State Highlights: Calif. Bill On Keeping Small Biz Health Plans; Colo. Rating Area Plan Approved
A selection of health policy stories from California, Colorado, Connecticut, Washington state and Massachusetts.
Fox News: California Bill Lets Small Biz Keep The Plans They Like For Another Year
As businesses nationwide prepare to begin complying with the employer mandate provision of the Affordable Care Act, lawmakers in California are pushing for a way to have the smallest employers in the state hang onto the coverage they currently have for another year. The business-backed SB 1446, led by state Sen. Mark DeSaulnier (D-Concord), would allow California businesses with fewer than 50 employees to keep their current coverage for an extra year. The ACA mandates all health plans meet ten essential coverage benefits, including everything from ambulatory services to prescription drug benefits. If the bill passes, employer-sponsored plans that do not meet these requirements won’t be cancelled until next year (Rogers, 5/19).
The Denver Post: Feds Approve Colorado Plan Intended To Lower Rural Health Premiums
The federal government has approved Colorado's plan to consolidate several geographic rating areas used to determine health insurance premiums, which officials hope will reduce consumer costs in mountain and rural areas. The state Division of Insurance said Monday that the U.S. Department of Health & Human Services approved its request to change the rating areas Thursday. The rating areas will be reduced to nine from 11 (5/19).
The Hill: Colo. Moves To Avoid Insurance Premium Hikes
Officials in Colorado announced Monday that they will reduce the number of geographic divisions in the state's health insurance market, a move likely to soften premium increases next year. The shift from 11 to nine geographic rating areas in Colorado means consolidating four rural risk pools into two for the 2015 enrollment season (Viebeck, 5/19).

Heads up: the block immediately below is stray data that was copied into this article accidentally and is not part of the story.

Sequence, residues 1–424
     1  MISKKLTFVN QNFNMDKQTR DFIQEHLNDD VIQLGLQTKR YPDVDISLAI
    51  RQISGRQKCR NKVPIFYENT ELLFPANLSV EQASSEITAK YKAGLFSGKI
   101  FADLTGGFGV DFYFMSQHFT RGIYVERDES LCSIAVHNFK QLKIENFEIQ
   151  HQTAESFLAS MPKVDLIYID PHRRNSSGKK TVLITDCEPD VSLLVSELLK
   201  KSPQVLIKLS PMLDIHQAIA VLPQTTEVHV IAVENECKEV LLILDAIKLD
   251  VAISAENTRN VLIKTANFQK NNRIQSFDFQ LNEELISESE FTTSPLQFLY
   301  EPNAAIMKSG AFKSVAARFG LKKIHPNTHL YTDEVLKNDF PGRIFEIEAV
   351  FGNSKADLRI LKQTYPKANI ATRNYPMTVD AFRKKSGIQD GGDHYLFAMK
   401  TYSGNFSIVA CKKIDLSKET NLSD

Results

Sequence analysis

The CT Mirror: Few CT Hospitals Use Insulin Device Misused At Griffin Hospital
Few Connecticut hospitals use the insulin injection devices that were misused at Griffin Hospital, prompting officials last week to recommend that 3,149 patients be tested for bloodborne illnesses. Twenty-three of the state’s 29 hospitals don’t use the injectors, often referred to as insulin pens. Representatives of those hospitals cited reasons including concerns about cost, wasting insulin and the safety of using the devices in facilities with many patients. The pens contain multiple doses but are intended to be used on a single patient (Becker, 5/20).
Los Angeles Times: L.A. County Supervisorial Candidates Lay Out Visions For Health Care
But whoever emerges from the field of 11 candidates competing in two districts will have to take a big-picture approach when they assume office in December if they hope to help the county navigate federal health care reforms. In separate interviews, District 1 candidate Hilda Solis and District 3 contenders John Duran, Sheila Kuehl and Bobby Shriver described their visions for the second-largest public health care system in the nation, with four hospitals and 19 regional clinics (Brown, 5/18).
The Seattle Times: State Insurance Office Defends Whistle-blower Removal
The hearings officer who decides contested insurance cases files a whistle-blower complaint alleging improper coercion from an official in the Office of the Insurance Commissioner; a day later she is removed from her job. The insurance office says there was no connection; others aren’t sure (Ostrom, 5/19).
Reuters: School Nurses Save Money: Study
A Massachusetts program that put full-time registered nurses in schools more than paid for itself by averting medical costs and lost work for parents and teachers, according to a new study. Many school districts have cut or reduced the hours of school nurses in recent years, and nationwide less than half of public schools have a full-time nurse, the authors of the report note (Pittman, 5/19).
The California Health Report: Community Clinics Under Pressure To Keep Patients
The phones at LifeLong Medical Care in Berkeley started ringing off the hook and voicemail boxes started filling up in November. Office spaces shrank to make room for the desks of new staff hired to help patients navigate through the often-difficult process of signing up for insurance. ... LifeLong Medical Care, like many community clinics, has been through the spin cycle of the sign-up for the Affordable Care Act. And now, also like clinics across the state, they have to compete for those newly insured and paying patients they helped to enroll (Shanafelt, 5/20).